• Previously, if a terrorist used an uninsured car as a weapon, the Criminal Injuries Compensation Scheme would pick up any claims. As a result of the removal of the exclusion, the MIB would now handle the claim.
  • The United Arab Emirates recently made telematics mandatory for rental vehicles.

If a vehicle is involved however, it is funded by the insurer, and payed for ultimately by insured motorists.

“What’s the difference?” West said. “Why should one be funded by taxpayers and why should one be funded by motor premiums? I don’t know the answer to that question, and I suspect nobody really does.

“That’s a question for government. The MIB has already started those discussions, but where they’ll go, we don’t know. At the minute these are the questions without answers.”

Until those questions are answered however, Clutterbuck says that insurers may move away from the rental market, as insurers cannot accurately underwrite the risk involved.

“As a result, gauging frequency, severity and risk profile is nigh on impossible, thereby drawing into question the ability of insurers to underwrite such risks,” he said.

“While no industry-wide solution is found, it may be the case that there is a reduction in capacity in some markets where trends have arisen, as insurers struggle to protect themselves from an underwriting perspective against these losses.”

West said the MIB is working with the Council of Bureaux to look at models used in other European jurisdictions in search of possible solutions.

“We’ve started this work, there’s a questionnaire going out and over the next few weeks we’ll develop a clearer picture of what Europe does in these circumstances,” he said. “This is just part of the work we need to do to get a better understanding of what the right solution is.”

While insurers and trade bodies continue to lobby the government on statutory changes, are there any practical lessons that can be learned from other jurisdictions?

Trak Global is one of the major suppliers of telematics to the rental car market. Group marketing and propositions director Andrew

Brown-Allan says that technology can play a part in reducing the threat posed to the public, and as a result to insurers.

“No rental companies would have seen this coming,” he said. “Clearly vehicles have been rented before for criminal purposes, such as ram raids and as getaway vehicles. Rental companies and crime are familiar bedfellows, but the terror phenomenon is a recent, tragic turn of events.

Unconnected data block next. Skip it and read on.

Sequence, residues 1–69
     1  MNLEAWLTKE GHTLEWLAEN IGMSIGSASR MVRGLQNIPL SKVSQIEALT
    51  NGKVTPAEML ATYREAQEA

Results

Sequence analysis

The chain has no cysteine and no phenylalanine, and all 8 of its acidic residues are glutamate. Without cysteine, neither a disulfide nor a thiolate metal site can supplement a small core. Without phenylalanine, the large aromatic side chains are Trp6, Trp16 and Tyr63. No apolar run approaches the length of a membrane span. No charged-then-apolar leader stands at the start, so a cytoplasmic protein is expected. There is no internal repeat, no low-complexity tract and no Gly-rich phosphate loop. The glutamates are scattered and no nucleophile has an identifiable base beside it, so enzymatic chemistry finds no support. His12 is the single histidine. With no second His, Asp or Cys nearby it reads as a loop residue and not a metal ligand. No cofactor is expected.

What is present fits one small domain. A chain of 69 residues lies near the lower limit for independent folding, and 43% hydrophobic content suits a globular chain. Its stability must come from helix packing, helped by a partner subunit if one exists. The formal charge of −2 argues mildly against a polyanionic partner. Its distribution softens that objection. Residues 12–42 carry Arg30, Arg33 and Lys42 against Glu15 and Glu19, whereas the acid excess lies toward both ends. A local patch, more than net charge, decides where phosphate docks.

“People are now asking how the rental companies can insulate themselves, and technology is one of those ways.”

A spokesperson for Enterprise Rent-a-Car said: “In light of the recent attacks, we are co-operating with law enforcement agencies alongside our trade association, the British Vehicle Rental Leasing Association, and other car rental companies, to explore ways to increase security.

“Zurich is an important, long-standing and valued global partner for Enterprise.”

Brown-Allan explained that Trak Global’s products have recently been licensed in the United Arab Emirates as part of a government initiative to nullify the risk posed by terrorists using rental cars as weapons.

“It’s an interesting parallel in the UAE,” he said. “They were considering for some time introducing telematics into rental cars. The idea was to put telematics units into all hire cars, and that they were to report their location directly into Dubai security forces.

“They reasonably quickly turned that into law, and we were one of the few companies with a device licensed for distribution into the UAE. Clearly the legal system in Dubai is very different to here, there’s not as much concern around civil liberty and data protection. It would be a far slower and more complex process to implement such a system in the UK.”

The Metropolitan Police Commissioner recently suggested that rental companies should be regulated to prevent them being used in terrorist attacks, hinting at a review and potential legislative changes.

“The police are saying that ‘we need to work with rental companies to share data’, which is another issue entirely and has its own challenges,” said Brown-Allan. “Where there are known individuals who might be considering committing acts like this, if the rental companies are able to share the data on hirers, then there can be some sense of where an individual is.

“It’s far better though if a vehicle also has telematics, which can track the whereabouts of the individuals and the security services can keep an eye on it. But again, there are issues there around invasion of privacy and data protection.”

Black box limitations

Brown-Allan said that there are, however, limitations to black boxes: “Having a box in a car and having the ability to track and trace is fine if you know the hirer is up to no good. But if a vehicle is hijacked for example, how might that be reported and then tracked and traced?

“It’s not beyond the realms of possibility that you could use technology to remotely immobilise these vehicles and bring them to safe stop. That might at least limit the number of casualties, or prevent them altogether.”

Although recent changes to terrorism exclusions within the MIB’s agreements have caused debate among insurers, ultimately the changes that were made are fairer to the victims of terror.

Under the previous system, damages were paid on a tariff basis and were capped, meaning that compensation could fall short what could be recovered by common law. Insurers will no doubt continue to look at new systems and models however, in the event that the trend continues.